Fourth Annual Greening Rooftops for Sustainable Communities Conference, Awards and Trade Show 2006 Conference Proceedings

rather slow, because first of all the necessary know how had to be developed, new systems had to be tested and reliable standards had to established. Certainly not all of these achievements can simply be transferred to North America. Nevertheless there are lessons to be learned which might help to accelerate green roof market development. Before I take a closer look at green roof prices let me make things comparable first. The 1.33 $/ft2 range is for eco-roofs in single course construction greened with sedum cuttings. This type of green roof is not very common in the United States and is not applicable in all parts of the country. My starting point is a typical mid size extensive green roof in the Mid Atlantic region without special features or difficulties. The comparison is an equivalent green roof located in Germany. It consists of a protection fabric with 15 oz/yd2, a 1 thick drain plate, a filter fabric with 9 oz/yd2, 4 growing medium and 1.5 Sedum plugs per square foot. Lets have look at current prices without getting too sophisticated. I can make my point with rather rough numbers. All prices are in US Dollar based on one square meter.

Green Roof Service llc Germany USA

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$/m2

$/m2

Material prices incl. shipping (150 miles)

7.55 3.60 0.85 5.05 1.45 18.50

12.15 15.95 2.10 12.90 4.20 47.30

Plugs 1,5 pcs/ft2

Growing medium 4 deep Filter Fabric 9 oz/yd2 Drain Plate 1 Protection Fabric 15 oz/yd2

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Figure 1: Price comparison for a defined green roof system between Germany and the USA 3
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The comparison shows that all material prices are much higher in the United States. In my opinion the main reasons for these differences are rather small quantities of materials and little competition. As the market grows material demand will get bigger and also the number of suppliers. More competition will minimize margins. The biggest difference is in media prices. In Germany lower media prices are due to the availability of natural lightweight materials like lava rock and pumice and also of recycled products like crushed bricks. Medium is the only material where transportation distances really matter. Even if the blender is located close to your project, transportation is a crucial factor since most of the components have to be shipped long distance till they reach the blender.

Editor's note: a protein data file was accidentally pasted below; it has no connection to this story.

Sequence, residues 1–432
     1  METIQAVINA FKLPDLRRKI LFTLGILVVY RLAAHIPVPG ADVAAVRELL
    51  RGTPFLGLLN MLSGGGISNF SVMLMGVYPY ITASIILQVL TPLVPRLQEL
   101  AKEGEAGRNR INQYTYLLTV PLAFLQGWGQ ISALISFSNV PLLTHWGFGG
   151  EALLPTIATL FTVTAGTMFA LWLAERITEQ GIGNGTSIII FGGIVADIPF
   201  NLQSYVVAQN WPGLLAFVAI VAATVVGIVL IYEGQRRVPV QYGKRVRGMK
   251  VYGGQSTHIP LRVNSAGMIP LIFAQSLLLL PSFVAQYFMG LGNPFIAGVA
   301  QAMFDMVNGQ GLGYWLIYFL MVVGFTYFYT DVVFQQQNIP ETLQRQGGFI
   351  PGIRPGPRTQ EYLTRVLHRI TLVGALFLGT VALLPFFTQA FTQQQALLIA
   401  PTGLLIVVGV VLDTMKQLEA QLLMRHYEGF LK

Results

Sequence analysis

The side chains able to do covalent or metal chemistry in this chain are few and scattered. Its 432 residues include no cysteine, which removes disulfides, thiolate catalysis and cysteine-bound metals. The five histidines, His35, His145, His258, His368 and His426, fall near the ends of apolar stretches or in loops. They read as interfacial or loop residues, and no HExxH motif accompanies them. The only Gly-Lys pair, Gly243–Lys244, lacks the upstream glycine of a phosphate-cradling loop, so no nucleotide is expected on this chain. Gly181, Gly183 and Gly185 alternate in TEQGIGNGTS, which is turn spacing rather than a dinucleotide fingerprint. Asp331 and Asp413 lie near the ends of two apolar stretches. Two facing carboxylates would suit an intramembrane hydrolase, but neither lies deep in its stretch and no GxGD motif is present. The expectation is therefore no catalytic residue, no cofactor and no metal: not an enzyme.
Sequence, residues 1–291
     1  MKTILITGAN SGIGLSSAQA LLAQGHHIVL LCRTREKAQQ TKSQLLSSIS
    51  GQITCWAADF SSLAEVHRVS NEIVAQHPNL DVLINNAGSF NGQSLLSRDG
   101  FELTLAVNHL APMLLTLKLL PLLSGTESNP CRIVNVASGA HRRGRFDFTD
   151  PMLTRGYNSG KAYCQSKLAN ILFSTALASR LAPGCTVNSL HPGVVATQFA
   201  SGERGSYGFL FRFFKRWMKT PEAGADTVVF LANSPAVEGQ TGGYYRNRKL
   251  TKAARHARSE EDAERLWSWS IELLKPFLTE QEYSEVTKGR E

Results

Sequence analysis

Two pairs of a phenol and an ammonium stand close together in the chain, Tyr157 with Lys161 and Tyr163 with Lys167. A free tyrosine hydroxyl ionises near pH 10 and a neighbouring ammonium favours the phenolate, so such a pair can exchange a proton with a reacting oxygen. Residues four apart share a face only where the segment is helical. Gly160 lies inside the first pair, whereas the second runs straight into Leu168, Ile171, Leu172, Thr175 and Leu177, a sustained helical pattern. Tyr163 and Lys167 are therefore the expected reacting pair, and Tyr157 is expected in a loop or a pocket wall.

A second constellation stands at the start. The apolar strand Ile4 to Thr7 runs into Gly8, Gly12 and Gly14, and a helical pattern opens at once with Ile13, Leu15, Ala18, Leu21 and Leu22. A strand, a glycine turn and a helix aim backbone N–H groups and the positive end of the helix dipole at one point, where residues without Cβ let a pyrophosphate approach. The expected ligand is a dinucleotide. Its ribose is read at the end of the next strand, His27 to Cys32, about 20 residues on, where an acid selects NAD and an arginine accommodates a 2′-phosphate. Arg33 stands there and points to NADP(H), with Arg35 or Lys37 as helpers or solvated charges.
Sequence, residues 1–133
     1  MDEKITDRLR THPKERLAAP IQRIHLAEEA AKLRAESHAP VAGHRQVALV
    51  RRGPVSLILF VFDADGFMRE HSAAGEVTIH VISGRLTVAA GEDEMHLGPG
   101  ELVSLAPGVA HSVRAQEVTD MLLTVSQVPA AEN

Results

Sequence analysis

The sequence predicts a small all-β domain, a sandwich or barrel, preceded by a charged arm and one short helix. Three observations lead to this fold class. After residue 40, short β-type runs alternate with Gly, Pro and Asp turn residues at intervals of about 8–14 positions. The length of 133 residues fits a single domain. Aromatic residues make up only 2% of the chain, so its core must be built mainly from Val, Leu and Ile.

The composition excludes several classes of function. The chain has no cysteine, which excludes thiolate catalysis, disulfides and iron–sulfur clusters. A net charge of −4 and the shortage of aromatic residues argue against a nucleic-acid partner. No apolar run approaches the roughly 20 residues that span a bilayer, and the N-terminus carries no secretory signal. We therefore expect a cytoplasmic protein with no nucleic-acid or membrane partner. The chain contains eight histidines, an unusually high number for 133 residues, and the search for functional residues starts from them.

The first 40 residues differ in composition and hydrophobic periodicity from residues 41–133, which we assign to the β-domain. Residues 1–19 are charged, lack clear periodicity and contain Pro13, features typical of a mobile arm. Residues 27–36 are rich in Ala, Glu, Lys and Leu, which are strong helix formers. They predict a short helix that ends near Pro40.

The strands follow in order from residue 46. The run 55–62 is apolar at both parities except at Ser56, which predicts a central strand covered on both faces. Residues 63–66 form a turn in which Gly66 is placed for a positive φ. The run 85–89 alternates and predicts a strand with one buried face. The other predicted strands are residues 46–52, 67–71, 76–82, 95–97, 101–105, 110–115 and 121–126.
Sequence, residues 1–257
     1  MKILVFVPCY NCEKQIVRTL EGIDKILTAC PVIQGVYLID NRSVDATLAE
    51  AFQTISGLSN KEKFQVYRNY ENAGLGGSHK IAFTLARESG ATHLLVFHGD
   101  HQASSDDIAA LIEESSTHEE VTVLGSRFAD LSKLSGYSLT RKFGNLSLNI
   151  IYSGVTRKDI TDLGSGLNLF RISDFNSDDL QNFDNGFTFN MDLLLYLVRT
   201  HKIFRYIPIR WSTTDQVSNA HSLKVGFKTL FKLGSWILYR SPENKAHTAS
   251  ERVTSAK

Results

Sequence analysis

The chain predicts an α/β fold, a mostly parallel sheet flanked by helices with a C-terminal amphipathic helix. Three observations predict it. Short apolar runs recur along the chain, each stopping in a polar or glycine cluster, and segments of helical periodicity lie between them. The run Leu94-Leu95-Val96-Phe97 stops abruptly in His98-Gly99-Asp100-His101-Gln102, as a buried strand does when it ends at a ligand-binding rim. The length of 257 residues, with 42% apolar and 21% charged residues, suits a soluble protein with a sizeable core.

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Material Costs per m


$16.00 $14.00 $12.00 $10.00 $8.00 $6.00 $4.00 $2.00 $0.00

USA Germany

Plants

Medium

Filter

Drainage

Fabric

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Figure 2: Price comparison for single materials as described in Figure 1

The German green roof market has mainly been driven by system providers like optima, ZinCo, Bauder and others. Establishing complete systems and selling them under a brand name had many positive effects. While green roofs became a standard product which was easy to design and specify, system suppliers got a reasonable share of the market and could invest in research and new products and technologies. 4
Fourth Annual Greening Rooftops for Sustainable Communities Conference, Awards and Trade Show 2006 Conference Proceedings

Until now, almost every green roof built in the USA is an individual solution. But custom made solutions are always complicated and costly. They also bear a rather high risk of failure. Establishing complete systems with a certified quality standard would also make American green roof construction easier, safer and cheaper: Easier for architects to design and specify green roofs Easier for the contractor to calculate and purchase materials Safer for specifiers and contractors, because individual solutions can fail easily Cheaper for the client, because standardized materials can be produced and used more efficiently and with less risk